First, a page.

“It was the most fun thing I’ve ever worked on,” says Hazlett, who originally studied journalism and got into documentary filmmaking, which led her into the marketing business. She worked as the marketing director for a day spa, before starting her first company, Dinner & Pie, which cooked and delivered healthy meals — including pie, of course — to people in North Carolina.

“In doing that, I knew that I wanted to challenge myself and expand into something bigger,” she says. “It was just a matter of waiting for the right opportunity to come along.”

That opportunity turned out to be a cross-country move to California to work in the marijuana industry.

She and her fellow Lucky 420 co-founders saw many brands in California’s market targeting high-end consumers and aiming to be the most expensive products on the shelf.

After running the numbers and exploring several different models, Lucky 420 settled on a line of cigarette-style pre-rolls, with seven joints in a pack going for a suggested retail price of about $34 and fulfilling what Hazlett calls a need for “nice manufactured products at a good price point.”

Rather than the cone-shaped pre-rolls that have become wildly popular in the older recreational markets, or the ubiquitous vape pens that have flooded the industry, Lucky 420’s strikes an increasingly rare chord.

Smoking, after all, is part of the experience for some people. The cannabis cigarette itself also fits with the 1970s theme, a time when smoking was still glamorous and the stars of film and television dangled an Embassy Filter from their bottom lip.

“We knew we enjoyed the combustion of marijuana,” Hazlett says.

The pre-rolls are manufactured at the company’s cigarette factory in Northern California, with a combination of work done by both machine and by hand. The crew faced some production challenges early in the process, namely the difficulty of working with a product that is sticky and resinous, as well as figuring out the best method to maintain freshness.

The company does not do any of its own cultivation, instead buying wholesale cannabis from selected Northern California growers who use cultivation practices approved by the Lucky 420 leadership team.

“We love our farmers,” Hazlett says.

Lucky 420 officially launched its product line in February, and the response has been overwhelming, Hazlett says. Over the course of the first six months, more than 60 retail outlets have started carrying the pre-roll packs, including both brick-and-mortar dispensaries and delivery services.

“It’s been a fast ride and we’ve had fun,” Hazlett says. “We’ve got a great team and we’re just giving it all we’ve got.”

The company’s growth has been fast — and will likely only continue to accelerate as California’s market transitions toward the adult-use launch — but Hazlett says Lucky 420 is fully prepared to handle the additional work load.

“We’ve been very organized and diligent in laying the groundwork of our operation,” she says. “We have really clear insights into where our operation is at today and what it can grow into. We know that we have all the pieces we need to grow it to the places we want to reach.”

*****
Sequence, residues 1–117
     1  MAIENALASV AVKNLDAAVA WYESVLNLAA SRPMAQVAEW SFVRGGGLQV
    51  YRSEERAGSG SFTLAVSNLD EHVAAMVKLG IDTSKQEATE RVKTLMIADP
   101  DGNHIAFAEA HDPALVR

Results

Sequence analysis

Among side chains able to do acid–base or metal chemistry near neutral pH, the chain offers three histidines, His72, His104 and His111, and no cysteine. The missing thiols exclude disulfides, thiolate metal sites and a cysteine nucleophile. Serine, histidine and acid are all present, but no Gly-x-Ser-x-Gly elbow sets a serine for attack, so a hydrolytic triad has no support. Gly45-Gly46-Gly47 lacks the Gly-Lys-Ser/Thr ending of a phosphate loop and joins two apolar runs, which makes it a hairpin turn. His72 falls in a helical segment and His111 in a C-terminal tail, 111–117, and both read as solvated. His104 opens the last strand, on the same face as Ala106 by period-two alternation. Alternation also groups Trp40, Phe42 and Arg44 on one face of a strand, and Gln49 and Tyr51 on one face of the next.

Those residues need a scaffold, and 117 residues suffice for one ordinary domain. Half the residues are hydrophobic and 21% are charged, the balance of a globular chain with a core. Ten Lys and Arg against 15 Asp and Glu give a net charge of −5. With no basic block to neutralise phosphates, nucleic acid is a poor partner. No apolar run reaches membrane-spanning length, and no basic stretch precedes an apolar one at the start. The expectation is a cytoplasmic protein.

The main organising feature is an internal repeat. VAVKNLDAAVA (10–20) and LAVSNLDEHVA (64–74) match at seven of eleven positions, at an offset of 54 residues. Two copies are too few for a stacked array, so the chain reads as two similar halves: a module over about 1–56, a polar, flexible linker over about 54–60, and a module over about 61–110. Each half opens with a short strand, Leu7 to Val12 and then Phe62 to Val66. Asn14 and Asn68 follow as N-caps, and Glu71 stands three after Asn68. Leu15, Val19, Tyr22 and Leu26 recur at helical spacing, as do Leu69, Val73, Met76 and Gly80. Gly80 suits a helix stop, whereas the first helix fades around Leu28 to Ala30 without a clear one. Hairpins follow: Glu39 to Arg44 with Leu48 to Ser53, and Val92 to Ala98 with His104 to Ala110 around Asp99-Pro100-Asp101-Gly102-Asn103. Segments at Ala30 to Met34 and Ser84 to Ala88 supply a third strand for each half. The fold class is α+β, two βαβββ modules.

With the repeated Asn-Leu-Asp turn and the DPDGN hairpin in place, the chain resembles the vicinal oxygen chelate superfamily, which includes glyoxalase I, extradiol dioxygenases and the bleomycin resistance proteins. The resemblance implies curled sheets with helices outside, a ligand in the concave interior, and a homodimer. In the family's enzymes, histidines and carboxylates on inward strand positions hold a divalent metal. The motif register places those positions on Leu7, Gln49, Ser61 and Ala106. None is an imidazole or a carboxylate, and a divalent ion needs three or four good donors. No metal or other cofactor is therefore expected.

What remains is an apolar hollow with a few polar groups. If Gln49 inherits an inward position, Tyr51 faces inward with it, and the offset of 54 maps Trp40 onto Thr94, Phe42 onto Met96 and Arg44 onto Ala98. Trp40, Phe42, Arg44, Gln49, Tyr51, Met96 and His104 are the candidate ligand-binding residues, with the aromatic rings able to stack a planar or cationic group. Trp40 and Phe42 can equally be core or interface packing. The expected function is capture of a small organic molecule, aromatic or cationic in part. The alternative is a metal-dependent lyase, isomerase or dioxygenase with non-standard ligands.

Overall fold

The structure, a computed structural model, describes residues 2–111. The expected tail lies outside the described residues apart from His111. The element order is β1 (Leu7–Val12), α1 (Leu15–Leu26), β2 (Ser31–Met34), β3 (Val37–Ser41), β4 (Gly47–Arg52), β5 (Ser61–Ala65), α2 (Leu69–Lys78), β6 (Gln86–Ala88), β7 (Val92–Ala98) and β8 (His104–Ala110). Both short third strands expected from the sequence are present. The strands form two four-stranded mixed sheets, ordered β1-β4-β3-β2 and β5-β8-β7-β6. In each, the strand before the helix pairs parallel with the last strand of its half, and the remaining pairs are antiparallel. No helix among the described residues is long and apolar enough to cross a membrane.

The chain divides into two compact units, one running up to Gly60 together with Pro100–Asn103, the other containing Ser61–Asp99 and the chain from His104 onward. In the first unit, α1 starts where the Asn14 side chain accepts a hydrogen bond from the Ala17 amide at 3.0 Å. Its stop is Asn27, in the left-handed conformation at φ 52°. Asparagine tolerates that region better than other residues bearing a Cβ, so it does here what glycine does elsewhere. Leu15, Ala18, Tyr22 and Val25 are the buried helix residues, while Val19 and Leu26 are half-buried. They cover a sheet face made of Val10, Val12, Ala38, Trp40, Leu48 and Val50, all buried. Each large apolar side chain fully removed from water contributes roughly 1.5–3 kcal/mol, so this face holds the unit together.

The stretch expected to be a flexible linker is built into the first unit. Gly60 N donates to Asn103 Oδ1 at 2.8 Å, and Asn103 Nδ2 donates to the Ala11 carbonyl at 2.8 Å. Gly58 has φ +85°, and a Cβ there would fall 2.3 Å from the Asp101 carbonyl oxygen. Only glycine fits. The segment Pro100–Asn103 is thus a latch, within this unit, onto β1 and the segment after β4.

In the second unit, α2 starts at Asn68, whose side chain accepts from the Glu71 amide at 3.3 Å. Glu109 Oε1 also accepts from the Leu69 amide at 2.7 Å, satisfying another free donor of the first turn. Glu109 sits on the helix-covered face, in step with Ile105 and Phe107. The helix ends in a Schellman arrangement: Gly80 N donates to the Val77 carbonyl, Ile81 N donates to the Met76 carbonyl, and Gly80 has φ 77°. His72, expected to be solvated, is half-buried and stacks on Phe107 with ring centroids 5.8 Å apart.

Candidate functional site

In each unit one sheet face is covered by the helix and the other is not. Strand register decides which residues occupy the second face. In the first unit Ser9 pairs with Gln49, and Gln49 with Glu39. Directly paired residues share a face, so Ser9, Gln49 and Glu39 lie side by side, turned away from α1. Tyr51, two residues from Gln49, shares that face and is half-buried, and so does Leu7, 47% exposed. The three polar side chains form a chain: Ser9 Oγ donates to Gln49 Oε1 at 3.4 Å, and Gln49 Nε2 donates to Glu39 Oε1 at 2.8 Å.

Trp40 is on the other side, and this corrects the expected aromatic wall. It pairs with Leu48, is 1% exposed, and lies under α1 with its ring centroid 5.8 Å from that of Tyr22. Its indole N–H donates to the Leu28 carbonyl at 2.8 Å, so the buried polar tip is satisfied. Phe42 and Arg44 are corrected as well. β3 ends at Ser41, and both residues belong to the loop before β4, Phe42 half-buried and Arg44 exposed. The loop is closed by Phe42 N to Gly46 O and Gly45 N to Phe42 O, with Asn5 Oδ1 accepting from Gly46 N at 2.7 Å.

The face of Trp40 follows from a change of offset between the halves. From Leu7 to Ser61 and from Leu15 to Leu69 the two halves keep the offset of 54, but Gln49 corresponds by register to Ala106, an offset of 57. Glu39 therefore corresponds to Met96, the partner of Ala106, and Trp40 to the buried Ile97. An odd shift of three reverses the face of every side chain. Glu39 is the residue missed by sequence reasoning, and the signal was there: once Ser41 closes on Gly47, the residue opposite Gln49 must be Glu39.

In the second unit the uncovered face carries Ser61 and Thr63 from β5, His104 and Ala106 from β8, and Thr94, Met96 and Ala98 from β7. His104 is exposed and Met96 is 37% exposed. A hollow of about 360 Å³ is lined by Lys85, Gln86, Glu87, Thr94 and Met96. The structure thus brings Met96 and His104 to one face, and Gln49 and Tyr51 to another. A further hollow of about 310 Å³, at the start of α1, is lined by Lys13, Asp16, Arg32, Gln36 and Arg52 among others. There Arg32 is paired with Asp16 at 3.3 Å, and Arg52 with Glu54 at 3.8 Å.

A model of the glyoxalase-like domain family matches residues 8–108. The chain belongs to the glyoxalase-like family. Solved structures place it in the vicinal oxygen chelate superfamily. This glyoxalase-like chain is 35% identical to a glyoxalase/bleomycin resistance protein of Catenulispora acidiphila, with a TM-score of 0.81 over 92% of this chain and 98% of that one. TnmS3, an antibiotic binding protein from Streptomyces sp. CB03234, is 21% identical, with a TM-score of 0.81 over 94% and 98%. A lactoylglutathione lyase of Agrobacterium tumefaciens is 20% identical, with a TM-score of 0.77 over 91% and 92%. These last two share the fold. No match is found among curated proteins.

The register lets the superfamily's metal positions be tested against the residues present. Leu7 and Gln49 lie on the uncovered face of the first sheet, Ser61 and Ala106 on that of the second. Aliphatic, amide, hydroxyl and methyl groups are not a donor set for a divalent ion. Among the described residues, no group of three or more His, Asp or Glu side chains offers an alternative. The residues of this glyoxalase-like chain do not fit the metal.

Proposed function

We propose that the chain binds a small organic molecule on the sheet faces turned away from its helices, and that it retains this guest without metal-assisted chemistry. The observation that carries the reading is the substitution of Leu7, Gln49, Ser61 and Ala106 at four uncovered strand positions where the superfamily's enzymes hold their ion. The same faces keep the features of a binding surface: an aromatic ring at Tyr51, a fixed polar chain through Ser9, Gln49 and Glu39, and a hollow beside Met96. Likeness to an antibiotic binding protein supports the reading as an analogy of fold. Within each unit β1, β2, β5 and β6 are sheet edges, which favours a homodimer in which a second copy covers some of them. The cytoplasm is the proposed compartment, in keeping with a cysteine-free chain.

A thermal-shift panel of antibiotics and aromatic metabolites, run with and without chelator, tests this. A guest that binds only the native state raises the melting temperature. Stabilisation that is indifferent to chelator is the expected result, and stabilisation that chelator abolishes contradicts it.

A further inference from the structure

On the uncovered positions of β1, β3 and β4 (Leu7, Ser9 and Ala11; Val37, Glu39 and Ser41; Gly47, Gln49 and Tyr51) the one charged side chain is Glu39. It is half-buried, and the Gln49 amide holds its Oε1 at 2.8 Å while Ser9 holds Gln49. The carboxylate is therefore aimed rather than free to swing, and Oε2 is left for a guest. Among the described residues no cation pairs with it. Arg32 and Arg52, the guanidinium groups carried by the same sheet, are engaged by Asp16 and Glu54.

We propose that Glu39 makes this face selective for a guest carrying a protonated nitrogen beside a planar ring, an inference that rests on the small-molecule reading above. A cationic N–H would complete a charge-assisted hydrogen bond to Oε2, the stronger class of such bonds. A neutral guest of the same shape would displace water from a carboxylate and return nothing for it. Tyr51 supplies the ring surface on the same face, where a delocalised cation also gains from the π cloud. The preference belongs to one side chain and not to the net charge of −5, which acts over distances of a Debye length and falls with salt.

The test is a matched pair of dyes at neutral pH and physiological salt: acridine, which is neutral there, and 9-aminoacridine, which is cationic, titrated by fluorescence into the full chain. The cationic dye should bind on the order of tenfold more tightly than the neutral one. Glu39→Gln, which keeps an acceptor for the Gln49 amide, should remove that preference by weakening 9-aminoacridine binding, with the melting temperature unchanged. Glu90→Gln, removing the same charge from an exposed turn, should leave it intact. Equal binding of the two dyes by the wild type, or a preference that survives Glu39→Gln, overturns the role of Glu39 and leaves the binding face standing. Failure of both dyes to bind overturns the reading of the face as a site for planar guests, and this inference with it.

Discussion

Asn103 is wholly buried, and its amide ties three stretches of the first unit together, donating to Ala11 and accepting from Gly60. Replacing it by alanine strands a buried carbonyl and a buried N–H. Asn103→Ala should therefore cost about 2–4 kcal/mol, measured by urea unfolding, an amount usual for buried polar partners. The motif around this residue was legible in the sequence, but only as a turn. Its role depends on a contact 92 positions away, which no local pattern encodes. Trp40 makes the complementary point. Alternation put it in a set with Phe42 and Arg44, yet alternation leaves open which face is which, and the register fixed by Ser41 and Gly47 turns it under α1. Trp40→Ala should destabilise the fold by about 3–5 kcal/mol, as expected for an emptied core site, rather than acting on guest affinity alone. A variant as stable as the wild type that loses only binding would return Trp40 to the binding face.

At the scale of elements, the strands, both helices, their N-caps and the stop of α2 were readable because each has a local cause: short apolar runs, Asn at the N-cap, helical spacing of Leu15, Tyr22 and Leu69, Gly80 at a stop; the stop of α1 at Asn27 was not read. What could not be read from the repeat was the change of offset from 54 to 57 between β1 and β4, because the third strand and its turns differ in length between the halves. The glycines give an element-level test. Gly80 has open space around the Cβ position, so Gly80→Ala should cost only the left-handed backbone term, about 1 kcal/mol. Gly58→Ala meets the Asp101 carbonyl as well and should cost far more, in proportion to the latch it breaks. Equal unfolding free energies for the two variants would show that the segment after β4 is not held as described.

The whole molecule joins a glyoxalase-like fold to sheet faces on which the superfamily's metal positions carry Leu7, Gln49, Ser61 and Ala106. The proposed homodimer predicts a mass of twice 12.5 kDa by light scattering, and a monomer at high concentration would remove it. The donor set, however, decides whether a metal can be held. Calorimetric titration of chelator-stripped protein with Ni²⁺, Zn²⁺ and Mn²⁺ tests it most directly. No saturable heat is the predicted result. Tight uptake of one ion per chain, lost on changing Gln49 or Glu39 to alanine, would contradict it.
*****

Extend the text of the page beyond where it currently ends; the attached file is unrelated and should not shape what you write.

Source: Marijuana Venture

Women To

The Advocate: Jamie Lewis

This story was originally published in the October 2017 issue of Marijuana Venture, on sale now online or at a store near you.

Drawing on her vast industry experience in Colorado, Jaime Lewis is preparing to make a splash in one of the country’s newest marijuana markets with the launch of her Massachusetts-based chain of dispensaries, Mayflower Medicinals.

Lewis has been a staunch cannabis advocate for more than 15 years, including the past nine years building Mountain Medicine into one of the more prominent edibles manufacturers in Colorado. She’s using this experience to build out the first two Mayflower Medicinals retail locations, as well as its cultivation facility, extraction lab and commercial kitchen.

“Experience is the key to all of this,” Lewis says. “It’s like being a chef: You’re always, constantly, trying to perfect a recipe, but it will never really be quite perfect.”

Massachusetts represents one of the most exciting markets in the U.S. — a nascent industry ready to awaken as soon as regulations allow. While other states have allowed the market to develop through years of medical regulations, Massachusetts expects a flashflood of marijuana businesses overnight.

“I think that in the next year, this is going to be an exciting place to watch, in terms of all the growth that is going to take place and as licensees open up,” Lewis says. “From that, I think there is going to be a lot of interesting changes in the culture and awareness in terms of cannabis being a community.”

Massachusetts currently has just 12 medical dispensaries open, according the state Department of Public Health’s website. But more than 80 businesses are ready to open in early 2018, now that progress is finally being made to finalize the implementation of its adult-use program.